Go. Go. Go. Gotek!

In my last big order from a ubiquitous Chinese e-commerce site, I ordered FIVE Gotek drives, earmarked for a variety of systems, including my Amiga 1200 (when it gets built), my Amiga 600 and the Atari STᴱ.

OMG GOTEK! (And OLED and Rotary Encoder)

I had a cunning plan, and one of the reasons I’ve been so quiet recently was that I’ve been working on the plan.

You see, one of the things I don’t like with the Gotek is, by default, it has only got a 3×7 segment display, and a pair of buttons to run things. I wanted upgrades in the form of a nice big OLED display and a rotary dial. But where to put them? When I’d been working on the Archimedes, I’d had the clever idea to mount the screen on a cable, and that seemed to work well. I wanted to take that to the next level, so I’d been thinking about the design for a while.

The old version. It worked…

The long linear connector of the design for the Archimedes took up space and was not very elegant. A better design was needed. I knew I only needed 7 wires.

“Seven you say? Surely the rotary encoder needs 5 and the OLED needs 4. Isn’t that nine?”
Aha! you’ve been fooled! The GND and +3.3V pins are shared between the Rotary encoder and the OLED, and the Rotary encoder actually only needs 4 pins not 5.

I decided on using a DuPont connector for the computers and Pin Header for the OLED Display. I settled on a pin being removed to make sure the connector couldn’t be plugged in backwards and from there a 2×4 row of pins was the logical size.

I sat down with the Wiki and carefully plotted out my pins. Then I looked at them again and rearranged the pins completely to be more logical 😀

Trust me! These are all you need!

Grabbing out the crimper I made up the socket in about 40 minutes. Note to self, next time use multicoloured “rainbow” wires. They’re a lot easier to keep track of what pin goes where.

It took me 3 goes to get all the pins in the right place.

At this point I made the other half. This consisted, on the connector side, of some experimenter’s board, some pin header and a zip tie for strain relief. I soldered on some nice flexible 8 core cable and soldered on the OLED and rotary encoder to the other end.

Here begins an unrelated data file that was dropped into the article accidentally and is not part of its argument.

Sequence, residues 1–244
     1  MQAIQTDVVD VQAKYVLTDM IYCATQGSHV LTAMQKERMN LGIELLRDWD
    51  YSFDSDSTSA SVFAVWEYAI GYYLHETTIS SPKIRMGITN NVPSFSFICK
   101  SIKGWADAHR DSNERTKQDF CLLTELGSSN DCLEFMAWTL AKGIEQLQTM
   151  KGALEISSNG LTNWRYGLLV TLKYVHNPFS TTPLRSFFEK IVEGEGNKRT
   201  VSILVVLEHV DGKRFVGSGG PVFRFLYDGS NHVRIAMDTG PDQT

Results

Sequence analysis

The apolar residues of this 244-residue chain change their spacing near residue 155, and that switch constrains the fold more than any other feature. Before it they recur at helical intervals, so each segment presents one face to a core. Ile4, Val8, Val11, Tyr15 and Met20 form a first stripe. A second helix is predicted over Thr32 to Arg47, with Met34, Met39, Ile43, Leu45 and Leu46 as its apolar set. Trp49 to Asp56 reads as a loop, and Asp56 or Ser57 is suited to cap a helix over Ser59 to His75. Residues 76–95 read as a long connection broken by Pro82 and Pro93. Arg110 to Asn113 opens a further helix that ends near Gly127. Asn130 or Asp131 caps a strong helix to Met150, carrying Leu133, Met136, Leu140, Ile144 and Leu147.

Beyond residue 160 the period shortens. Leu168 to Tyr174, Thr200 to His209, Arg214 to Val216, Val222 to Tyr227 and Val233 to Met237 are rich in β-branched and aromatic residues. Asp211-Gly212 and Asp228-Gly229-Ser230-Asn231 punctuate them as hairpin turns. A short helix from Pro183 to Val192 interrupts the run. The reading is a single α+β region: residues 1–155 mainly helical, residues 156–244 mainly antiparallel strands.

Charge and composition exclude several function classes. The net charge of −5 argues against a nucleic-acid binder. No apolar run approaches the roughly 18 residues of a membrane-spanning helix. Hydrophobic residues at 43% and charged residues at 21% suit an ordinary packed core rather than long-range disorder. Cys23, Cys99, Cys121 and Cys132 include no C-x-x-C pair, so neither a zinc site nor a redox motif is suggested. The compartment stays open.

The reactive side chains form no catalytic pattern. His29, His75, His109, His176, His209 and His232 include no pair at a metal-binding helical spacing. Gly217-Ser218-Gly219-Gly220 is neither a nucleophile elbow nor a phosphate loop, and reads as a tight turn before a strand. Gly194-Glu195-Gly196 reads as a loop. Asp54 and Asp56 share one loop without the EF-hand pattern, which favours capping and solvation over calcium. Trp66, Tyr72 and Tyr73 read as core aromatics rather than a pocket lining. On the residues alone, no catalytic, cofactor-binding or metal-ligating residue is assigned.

At this point I tested everything and it worked as planned.

I’d already flashed the Goteks with FlashFloppy, but I needed to get some more pin header, with 2 rows and a right angle, as if the pins stick straight up, you can’t close the case. A quick trip to Altronics fixed that. Now the connectors could lie flat inside the case.

Next I 3D printed two different styles of bracket (one for the Amiga 600 and one for the STᴱ to hold the DuPont connectors in place. A dab of super glue and the whole things were done on the computer side.

Atari STe with the connector in the LCD slot.
FF for Flash Floppy modified. The thing on the top is a pizeo speaker for the drive click.

Next up I printed up a nice case for the OLED and the Rotary dial. It’s almost good enough for release. I need to tweak some dimensions but it still looks good.

I’m happy with the 3D printer.

Finally, having accidentally shorted two wires and severed a third, I resoldered the connector, covered it in hot glue, then a piece of cloth that I’d impregnated with hot glue, then finally gently heated the whole thing so everything hot glue bonded together. THis gives me an incredibly strong connector I can easily remove.

Surprisingly practical.

I’m very happy with this!

Works on Amigas too!

Published by ilike8bits

I collect old computers and consoles

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